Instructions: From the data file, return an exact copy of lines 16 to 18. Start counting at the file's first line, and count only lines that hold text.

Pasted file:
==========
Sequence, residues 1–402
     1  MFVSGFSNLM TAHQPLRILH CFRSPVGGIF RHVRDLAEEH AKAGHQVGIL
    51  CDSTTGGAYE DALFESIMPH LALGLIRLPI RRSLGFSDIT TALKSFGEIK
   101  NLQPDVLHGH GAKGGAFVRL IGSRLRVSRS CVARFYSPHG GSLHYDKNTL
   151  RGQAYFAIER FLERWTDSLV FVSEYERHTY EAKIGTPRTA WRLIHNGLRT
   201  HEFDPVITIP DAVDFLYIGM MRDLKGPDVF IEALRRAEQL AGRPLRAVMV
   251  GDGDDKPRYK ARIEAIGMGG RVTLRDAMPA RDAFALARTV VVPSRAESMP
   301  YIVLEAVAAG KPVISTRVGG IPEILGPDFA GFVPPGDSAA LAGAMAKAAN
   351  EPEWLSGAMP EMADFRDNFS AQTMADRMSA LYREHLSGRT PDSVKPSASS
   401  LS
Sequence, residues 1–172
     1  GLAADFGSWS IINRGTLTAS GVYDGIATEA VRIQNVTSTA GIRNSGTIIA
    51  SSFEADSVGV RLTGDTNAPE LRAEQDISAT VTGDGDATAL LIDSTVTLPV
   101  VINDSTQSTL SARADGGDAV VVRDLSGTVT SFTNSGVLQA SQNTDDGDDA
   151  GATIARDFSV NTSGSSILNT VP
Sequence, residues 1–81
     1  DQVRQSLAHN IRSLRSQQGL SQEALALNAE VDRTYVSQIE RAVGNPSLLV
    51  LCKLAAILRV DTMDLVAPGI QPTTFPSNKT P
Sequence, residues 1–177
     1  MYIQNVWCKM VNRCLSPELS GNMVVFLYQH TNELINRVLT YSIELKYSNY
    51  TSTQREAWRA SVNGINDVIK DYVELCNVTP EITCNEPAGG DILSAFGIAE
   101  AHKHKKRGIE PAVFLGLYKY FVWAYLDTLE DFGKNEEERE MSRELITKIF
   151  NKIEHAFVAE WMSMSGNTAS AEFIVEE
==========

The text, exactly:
Sequence, residues 1–81
     1  DQVRQSLAHN IRSLRSQQGL SQEALALNAE VDRTYVSQIE RAVGNPSLLV
    51  LCKLAAILRV DTMDLVAPGI QPTTFPSNKT P